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executive orders

Here’s the Latest on Trump Immigration Reform Efforts

It's not untrue to say that Donald Trump has had a 'busy' presidency -- the Twitterer-in-Chief has been as active on social media as he has been with executive orders. But many of those orders have been met with litigation and currently stand somewhere in legal limbo between lawsuits filed and Supreme Court review. One of Trump's most active areas of executive authority has been immigration. Here's the latest on Trump's immigration reform efforts, where they stand (legally speaking), and what they could mean. 1. Trump's Travel Ban Headed to Supreme Court Perhaps Trump's most infamous executive order on immigration, and certainly his most litigated one, is the attempted ban on immigrants and refugees from several majority Muslim countries. Blocked by federal circuit courts, rewritten, then blocked again, the Muslim ban is now in the hands of the Supreme Court, although many of the main legal issues may be moot by the time the Court hears oral arguments. 2. 3 Important Facts About Sanctuary Cities for Immigrants and Opponents Trump has also threatened to withhold federal funds from so-called sanctuary jurisdictions -- cities and states that decline to cooperate with federal immigration enforcement. It's a legally touchy subject, since immigration is largely a federal matter and there are constitutional protections against federal departments controlling state and local law enforcement, and many of those jurisdictions have sued in response. 3. How Would a 'Merit-Based' System Change Immigration? While battling illegal immigration, Trump also wants to shift the focus of legal immigration from birthplace and family considerations to employment and education qualifications. The president-supported RAISE Act would also slash the number of refugees and visa applicants allowed into the country every year. 4. Mixed Immigration Messages? Trump Administration's Latest on DAPA, Dreamers Trump rescinded Barack Obama's Deferred Action for Parents of Americans and Lawful Permanent Residents, or DAPA, last June. But the new president has yet to decide on the old president's Deferred Action for Childhood Arrivals, DACA, leaving many apprehensive about their immigration status. 5. Can Undocumented Immigrants Attend Public School? In the meantime, immigrants must go on with their daily lives even though their legal status is uncertain. The Supreme Court has said that public schools can't bar undocumented immigrant children from K-12 education, or charge them extra to attend. If you're unsure about your immigration status or need legal help, contact an experienced immigration attorney in your area. Related Resources: Find Immigration Lawyers Near You (FindLaw's Lawyer Directory) Top 7 Immigration Laws for Families (FindLaw's Law and Daily Life) Trump's Executive Order on Immigration: What Does It Mean When a Judge Issues a 'Stay'? (FindLaw's Law and Daily Life) What Power Does the President Have Over Deportation Policy? (FindLaw's Law and Daily Life)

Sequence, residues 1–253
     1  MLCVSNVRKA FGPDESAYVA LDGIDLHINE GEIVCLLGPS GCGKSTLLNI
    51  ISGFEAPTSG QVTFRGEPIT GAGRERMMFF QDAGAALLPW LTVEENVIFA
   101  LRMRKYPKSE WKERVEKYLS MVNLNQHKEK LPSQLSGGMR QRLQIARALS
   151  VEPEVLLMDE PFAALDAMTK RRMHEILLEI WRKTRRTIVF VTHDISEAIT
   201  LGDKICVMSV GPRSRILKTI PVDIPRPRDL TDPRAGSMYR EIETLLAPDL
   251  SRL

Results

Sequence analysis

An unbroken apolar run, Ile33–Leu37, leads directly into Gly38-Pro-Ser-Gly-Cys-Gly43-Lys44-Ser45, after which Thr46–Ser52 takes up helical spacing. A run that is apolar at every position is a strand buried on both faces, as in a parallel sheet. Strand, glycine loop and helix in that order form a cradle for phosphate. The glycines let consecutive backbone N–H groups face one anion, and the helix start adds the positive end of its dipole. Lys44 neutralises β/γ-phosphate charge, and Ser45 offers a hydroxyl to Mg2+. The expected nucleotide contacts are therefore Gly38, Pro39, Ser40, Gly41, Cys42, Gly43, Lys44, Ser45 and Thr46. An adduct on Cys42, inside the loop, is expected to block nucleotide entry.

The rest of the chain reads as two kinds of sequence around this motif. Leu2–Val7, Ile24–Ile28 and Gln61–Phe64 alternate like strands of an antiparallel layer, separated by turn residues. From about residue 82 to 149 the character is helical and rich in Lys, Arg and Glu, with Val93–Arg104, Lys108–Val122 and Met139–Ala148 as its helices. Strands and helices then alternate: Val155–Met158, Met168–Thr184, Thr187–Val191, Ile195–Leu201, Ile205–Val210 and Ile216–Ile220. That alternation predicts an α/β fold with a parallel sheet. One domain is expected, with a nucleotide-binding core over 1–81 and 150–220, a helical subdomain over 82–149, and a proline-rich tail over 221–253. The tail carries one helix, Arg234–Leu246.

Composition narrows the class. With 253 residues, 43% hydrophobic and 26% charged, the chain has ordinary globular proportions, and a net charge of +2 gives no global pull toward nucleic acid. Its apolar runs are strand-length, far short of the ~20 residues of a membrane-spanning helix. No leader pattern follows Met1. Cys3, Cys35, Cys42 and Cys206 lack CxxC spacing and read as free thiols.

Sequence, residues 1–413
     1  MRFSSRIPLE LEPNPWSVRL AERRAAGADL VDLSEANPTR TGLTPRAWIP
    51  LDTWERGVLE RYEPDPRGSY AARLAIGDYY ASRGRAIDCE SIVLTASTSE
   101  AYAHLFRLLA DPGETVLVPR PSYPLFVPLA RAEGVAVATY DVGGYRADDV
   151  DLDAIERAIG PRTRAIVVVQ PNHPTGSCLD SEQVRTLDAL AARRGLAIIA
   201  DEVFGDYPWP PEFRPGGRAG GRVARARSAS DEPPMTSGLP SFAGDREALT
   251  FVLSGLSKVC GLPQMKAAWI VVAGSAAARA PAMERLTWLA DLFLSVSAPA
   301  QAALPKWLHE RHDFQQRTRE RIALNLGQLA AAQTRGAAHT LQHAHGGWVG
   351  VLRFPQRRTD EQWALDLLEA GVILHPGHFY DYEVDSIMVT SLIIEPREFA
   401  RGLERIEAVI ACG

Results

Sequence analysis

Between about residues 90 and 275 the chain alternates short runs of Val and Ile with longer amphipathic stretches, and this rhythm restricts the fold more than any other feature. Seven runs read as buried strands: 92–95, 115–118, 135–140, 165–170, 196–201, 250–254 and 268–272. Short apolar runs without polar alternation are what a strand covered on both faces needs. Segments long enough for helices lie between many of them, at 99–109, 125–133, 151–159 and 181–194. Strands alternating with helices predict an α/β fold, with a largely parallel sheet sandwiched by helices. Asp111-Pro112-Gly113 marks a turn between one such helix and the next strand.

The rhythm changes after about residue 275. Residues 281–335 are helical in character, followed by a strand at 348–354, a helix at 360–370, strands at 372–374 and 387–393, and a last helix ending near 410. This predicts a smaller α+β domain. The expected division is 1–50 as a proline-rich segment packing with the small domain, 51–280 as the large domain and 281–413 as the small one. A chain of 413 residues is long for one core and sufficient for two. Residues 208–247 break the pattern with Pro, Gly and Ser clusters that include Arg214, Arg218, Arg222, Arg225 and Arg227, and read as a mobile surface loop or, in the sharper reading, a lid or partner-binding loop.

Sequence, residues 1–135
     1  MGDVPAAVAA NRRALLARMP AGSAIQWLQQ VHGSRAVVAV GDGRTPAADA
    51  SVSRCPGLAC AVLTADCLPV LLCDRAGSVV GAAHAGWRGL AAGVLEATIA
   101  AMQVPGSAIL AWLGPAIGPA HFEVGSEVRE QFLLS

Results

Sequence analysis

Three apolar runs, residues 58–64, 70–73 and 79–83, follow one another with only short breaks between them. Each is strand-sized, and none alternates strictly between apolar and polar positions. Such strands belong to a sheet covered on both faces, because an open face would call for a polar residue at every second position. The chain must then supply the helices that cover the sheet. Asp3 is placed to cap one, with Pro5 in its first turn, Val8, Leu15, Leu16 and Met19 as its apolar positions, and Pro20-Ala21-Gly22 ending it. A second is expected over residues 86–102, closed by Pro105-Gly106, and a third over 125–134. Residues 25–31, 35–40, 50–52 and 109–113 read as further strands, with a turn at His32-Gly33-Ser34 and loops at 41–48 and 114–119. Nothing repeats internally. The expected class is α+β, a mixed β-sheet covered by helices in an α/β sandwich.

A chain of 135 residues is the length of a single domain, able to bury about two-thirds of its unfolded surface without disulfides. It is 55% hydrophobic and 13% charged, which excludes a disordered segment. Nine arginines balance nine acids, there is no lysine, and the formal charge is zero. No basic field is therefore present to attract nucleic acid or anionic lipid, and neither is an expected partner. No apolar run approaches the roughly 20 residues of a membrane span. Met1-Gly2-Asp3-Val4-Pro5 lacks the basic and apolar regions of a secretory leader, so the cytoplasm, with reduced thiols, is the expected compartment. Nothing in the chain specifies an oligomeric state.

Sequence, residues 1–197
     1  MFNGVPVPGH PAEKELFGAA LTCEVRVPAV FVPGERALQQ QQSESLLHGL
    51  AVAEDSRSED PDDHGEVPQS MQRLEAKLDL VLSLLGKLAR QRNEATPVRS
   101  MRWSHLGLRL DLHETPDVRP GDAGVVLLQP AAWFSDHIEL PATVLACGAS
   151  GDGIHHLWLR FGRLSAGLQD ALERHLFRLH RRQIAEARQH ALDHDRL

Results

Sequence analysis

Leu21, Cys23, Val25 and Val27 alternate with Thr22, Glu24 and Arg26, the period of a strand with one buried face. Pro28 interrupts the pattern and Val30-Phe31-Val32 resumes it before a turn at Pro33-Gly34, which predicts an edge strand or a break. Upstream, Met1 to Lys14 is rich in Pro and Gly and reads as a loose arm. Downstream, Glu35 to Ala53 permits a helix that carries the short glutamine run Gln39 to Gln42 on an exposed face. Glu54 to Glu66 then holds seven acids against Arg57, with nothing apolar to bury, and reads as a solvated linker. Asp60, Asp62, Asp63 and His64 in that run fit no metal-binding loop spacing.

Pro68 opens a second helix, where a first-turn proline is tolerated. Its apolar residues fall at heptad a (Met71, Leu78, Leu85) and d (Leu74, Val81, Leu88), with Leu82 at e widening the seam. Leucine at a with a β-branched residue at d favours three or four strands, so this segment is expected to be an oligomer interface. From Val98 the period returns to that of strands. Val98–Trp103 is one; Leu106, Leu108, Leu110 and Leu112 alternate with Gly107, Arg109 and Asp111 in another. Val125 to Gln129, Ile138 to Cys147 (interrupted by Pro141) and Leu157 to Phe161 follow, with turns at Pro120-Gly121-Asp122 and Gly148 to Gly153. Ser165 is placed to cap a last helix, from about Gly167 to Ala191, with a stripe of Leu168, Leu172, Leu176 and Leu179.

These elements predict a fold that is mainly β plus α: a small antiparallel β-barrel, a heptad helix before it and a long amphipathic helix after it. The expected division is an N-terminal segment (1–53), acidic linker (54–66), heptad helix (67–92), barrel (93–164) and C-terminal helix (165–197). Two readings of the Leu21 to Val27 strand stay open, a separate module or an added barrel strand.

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Can the President Bypass Congress on Gun Control?

Gun control advocates have long sought to close the so-called gun show loophole that allows people to buy firearms without submitting to the same background check requirements imposed on licensed dealers. But congressional attempts at passing such legislation have thus far been fruitless. So President Barack Obama may decide to take matters into his own hands. The Los Angeles Times is reporting that the Obama administration is considering the use of an executive order to expand background checks on gun sales. How do these orders work? And can the president really pass gun control laws without congressional approval? Going Solo It's no secret that Obama wants stricter gun controls. The president pushed for expanded background checks after the Sandy Hook Elementary School shooting three years ago, but that legislation died in the Senate. He tried again after the Umpqua Community College shooting in October, but measures for more background checks and bans on sales to people on the government's anti-terrorist "no fly" list both failed. Now the White House is looking to circumvent the legislature altogether. According to reports, officials have been working on an executive order that would use existing laws to require all (or nearly all) gun purchases to be cleared by the same background check system.While the order has not been finalized, Obama is said to be looking at expanding license requirements by defining what it means to be "in the business" of dealing guns -- those deemed in the business are required to perform background checks while those that aren't don't. If occasional sellers like those at gun shows are required to obtain a license to sell firearms it would also expand background check requirements. Chief Executive Order Leaving to one side the question of whether tougher gun control laws will lead to fewer shooting deaths (even though evidence suggests that they do), the issue becomes whether this exercise of presidential power is even legal. An executive order is a policy statement that interprets and directs the implementation of existing federal statutes, congressional provisions, or treaties. Executive orders aren't so much new laws as they are changing or clarifying the policy on existing laws, and generally aren't used without some congressional approval. And executive orders are still subject to judicial review for constitutionality. Hence Obama's delay in formally announcing or implementing an executive order on gun control. Despite his desire to make it more difficult for violent people to purchase firearms, drafting an order that will accomplish that and appease enough congresspeople to be successfully implemented may prove as politically intractable as the legislature. Related Resources: Obama Looks to Expand Background Checks for Gun Sales (Time) Obama's Gun Proposals Target Mental Health Too (FindLaw's Law and Daily Life) Will Obama's Executive Order on Student Loans Pay Off for You? (FindLaw's Law and Daily Life) Obama's Executive Order on Immigration: 5 Things You Should Know (FindLaw's Law and Daily Life)